Yesterday morning, I decided I was tired of avoiding eye contact with myself in the mirror before and after showers, so I pulled out the $60 game Robert and I bought almost three months ago to help me deal with this very issue. The game is EA Sport’s Active for the Wii. The game kit comes with an adjustable leg band, which holds the nunchuk controller and tracks lower-body movements, as well as a resistance band with handles for upper-body resistance workouts.
I strapped the leg band to my upper right thigh, having to use the extender to get the band to stay in place without cutting off my circulation, and put the game in the Wii console. Right away, my skepticism and anxiety whether this could be something I would enjoy or stick to were evaporated. The game greets you with a peppy soundtrack as well as the encouraging and motivating narration provided by physiologist Bob Greene (of Body for Life fame). After making my profile, I selected the thirty-day workout challenge. It comes in three intensity levels: low, medium, and high. Although I had myself up to a medium-to-high intensity level this time last year, I had fallen back to my lazy, couch-potato ways and thought I should ease into the program to increase the chances of my enjoying it and returning to it.
After choosing my trainer (the female trainer for accuracy of demonstrations–women’s bodies are different from men’s, after all), I began Day One of my thirty-day workout challenge. She started me with a lap around the track at a walk (which looks like marching in place), and then had me do a couple of laps around the track at a run (jogging in place). The best attribute of this game, from my very first impression, is that it is only ever positively motivational. Rather than saying things like, “You can do better than that,” the game says instead, “You’re doing great! Keep pushing yourself like that, and you’ll meet your goals!” Inevitably, when the game gave me a positive remark like that, I picked up the pace. By the time the run was finished (only a couple of minutes at my intensity level), my trainer said, “Wow! Great job! With a run like that, you own the track!” She was so enthusiastic of my attempts that I could scarcely shut the compliment down with a negative thought. This is huge!
Other activities that I did yesterday included boxing (and the strength of the hit determines whether or not the target is merely tapped or broken apart–you want to break the targets apart), squats, biceps curls with the resistance band, rows, and inline skating.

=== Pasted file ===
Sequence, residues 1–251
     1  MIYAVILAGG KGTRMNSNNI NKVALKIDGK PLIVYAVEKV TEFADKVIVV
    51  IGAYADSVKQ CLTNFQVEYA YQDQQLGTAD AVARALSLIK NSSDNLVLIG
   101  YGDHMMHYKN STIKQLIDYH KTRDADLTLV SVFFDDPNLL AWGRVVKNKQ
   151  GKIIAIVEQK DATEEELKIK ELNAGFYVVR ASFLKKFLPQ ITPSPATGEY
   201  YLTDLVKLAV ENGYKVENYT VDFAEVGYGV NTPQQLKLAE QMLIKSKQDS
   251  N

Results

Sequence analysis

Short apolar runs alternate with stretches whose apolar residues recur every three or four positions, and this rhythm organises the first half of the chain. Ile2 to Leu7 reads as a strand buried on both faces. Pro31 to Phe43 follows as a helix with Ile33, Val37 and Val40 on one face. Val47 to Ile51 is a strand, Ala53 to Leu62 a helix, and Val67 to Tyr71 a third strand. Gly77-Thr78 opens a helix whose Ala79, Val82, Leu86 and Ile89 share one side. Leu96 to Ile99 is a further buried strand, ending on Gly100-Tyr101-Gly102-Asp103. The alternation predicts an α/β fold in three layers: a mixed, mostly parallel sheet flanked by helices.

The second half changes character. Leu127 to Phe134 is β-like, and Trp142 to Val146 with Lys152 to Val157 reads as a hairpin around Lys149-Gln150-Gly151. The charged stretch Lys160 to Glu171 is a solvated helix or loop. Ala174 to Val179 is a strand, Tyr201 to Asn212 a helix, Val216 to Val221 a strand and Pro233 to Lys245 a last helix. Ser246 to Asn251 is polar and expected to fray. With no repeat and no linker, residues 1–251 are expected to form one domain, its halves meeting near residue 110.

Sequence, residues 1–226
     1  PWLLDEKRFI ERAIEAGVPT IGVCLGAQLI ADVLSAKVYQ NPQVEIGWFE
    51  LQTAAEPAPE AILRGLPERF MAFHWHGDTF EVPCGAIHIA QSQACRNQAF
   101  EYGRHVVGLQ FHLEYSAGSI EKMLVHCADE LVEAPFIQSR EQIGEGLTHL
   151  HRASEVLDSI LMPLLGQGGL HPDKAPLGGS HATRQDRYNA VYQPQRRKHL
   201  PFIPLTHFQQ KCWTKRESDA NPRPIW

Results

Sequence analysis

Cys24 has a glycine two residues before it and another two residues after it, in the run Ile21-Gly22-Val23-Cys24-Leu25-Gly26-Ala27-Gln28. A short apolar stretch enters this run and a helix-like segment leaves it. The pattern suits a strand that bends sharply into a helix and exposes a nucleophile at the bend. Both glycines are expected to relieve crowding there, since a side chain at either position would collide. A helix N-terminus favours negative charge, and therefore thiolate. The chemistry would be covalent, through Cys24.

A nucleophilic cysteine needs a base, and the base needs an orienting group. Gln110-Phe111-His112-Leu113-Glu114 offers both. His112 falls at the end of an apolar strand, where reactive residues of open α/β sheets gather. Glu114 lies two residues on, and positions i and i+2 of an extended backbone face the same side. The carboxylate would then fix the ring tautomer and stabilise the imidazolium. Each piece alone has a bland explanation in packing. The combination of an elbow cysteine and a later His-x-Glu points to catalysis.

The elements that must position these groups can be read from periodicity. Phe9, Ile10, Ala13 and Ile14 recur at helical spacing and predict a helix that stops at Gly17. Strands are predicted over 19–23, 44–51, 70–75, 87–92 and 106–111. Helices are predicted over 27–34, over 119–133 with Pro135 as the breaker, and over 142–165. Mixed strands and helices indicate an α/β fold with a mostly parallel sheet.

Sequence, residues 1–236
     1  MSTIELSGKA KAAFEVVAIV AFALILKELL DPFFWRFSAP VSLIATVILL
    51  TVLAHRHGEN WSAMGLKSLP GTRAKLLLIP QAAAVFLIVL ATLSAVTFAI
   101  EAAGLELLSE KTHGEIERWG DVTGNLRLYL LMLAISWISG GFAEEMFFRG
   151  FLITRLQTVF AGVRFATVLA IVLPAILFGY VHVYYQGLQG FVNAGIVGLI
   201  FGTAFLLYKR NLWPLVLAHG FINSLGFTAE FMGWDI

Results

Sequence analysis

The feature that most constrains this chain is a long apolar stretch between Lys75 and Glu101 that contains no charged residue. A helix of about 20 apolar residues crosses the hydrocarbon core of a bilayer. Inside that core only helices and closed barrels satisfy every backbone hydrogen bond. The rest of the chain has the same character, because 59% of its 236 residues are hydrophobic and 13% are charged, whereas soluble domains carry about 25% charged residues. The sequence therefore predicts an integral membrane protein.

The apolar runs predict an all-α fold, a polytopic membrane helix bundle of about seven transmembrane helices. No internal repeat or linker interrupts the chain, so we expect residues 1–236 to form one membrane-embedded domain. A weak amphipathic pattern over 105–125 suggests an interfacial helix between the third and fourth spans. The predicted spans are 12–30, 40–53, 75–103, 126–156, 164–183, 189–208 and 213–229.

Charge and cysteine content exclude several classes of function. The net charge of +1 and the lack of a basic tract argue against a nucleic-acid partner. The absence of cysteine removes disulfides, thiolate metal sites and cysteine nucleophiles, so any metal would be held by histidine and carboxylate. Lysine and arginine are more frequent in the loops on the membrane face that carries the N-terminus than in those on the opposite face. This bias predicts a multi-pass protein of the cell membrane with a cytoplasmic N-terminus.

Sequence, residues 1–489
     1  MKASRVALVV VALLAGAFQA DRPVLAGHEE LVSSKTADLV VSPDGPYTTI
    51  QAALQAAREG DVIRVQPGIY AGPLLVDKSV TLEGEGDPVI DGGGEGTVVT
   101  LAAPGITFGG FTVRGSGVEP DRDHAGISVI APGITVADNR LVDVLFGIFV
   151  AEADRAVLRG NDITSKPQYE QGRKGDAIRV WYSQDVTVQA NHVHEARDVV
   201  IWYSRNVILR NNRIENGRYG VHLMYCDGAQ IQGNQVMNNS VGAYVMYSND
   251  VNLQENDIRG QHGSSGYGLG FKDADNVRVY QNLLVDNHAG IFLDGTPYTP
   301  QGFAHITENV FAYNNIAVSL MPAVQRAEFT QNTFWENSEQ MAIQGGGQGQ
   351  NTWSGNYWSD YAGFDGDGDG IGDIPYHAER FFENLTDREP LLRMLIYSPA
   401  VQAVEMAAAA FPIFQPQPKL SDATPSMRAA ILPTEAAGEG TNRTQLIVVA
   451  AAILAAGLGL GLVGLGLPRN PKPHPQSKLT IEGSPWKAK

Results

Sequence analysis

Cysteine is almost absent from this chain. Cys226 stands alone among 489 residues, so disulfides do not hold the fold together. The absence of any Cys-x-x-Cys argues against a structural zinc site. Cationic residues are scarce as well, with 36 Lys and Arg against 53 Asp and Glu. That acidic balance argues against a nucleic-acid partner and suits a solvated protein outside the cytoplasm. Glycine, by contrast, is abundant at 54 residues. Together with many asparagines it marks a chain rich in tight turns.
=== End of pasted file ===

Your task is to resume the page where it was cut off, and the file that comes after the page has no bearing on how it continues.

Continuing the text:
I have decided that the inline skating is my favorite activity of them all yesterday. It required me to hold a squat for a period of time, and the deeper my squat, the faster my character would skate down the hill. Because I was so focused on the character’s speed and accuracy, I gave little thought to my actual squat. Scattered on the hill, however, are ramps off of which the character is to jump and do tricks. This requires not only a deep squat (to approach the ramp at top speed) but also accuracy in the jump–if your jump is too late or early, the character is unable to perform the trick, which does affect points earned (as well as calories burned). So, the inline skating is not just about squatting, but it is about squat-jumps more to the point. I enjoyed this one the most because by the time I played the inline skating for the second round, I managed to make 7/9 tricks instead of 5/9.
I also earned two trophies yesterday. The game awards trophies for every achievement. No achievement is too minimal for this game, which can really help those who are highly competitive and need more than an encouraging word to keep going. The first trophy I earned was for starting my 30-day challenge, which was considered meeting a first goal. The second trophy I earned was for burning over 100 calories in that workout.
From what I’ve understood, the game is highly customizable according to the user’s needs and goals. There’s even a sliding scale off the profile page where the user can adjust his or her goals at will–meeting goals is another excuse to earn a trophy! Right now, my goals are the default ones given me by the game.
I will take advantage of the customization of the game when I am more confident in understanding my own needs. I believe that if I complete the 30-day workout challenge at all three intensity levels (for a total of 90 days), then I will begin to see what I need more of in order to see the results I’m after.
So, bring it on, Active! I’m ready for you!
P.S. A quick glance over at the EA Sports page for Active, it looks like there’s an entire community for players! Also, a new expansion of the workouts comes out in November. I’m excited! 🙂
P.P.S. I forgot to mention the length of my workout and how much I ended up sweating. It lasted about 45 minutes, I think, and I sweated like I was working out outside, even though I had my A/C turned all the way down. I was sore when I woke up this morning, as though I had gone to the gym. I’m really looking forward to seeing more results!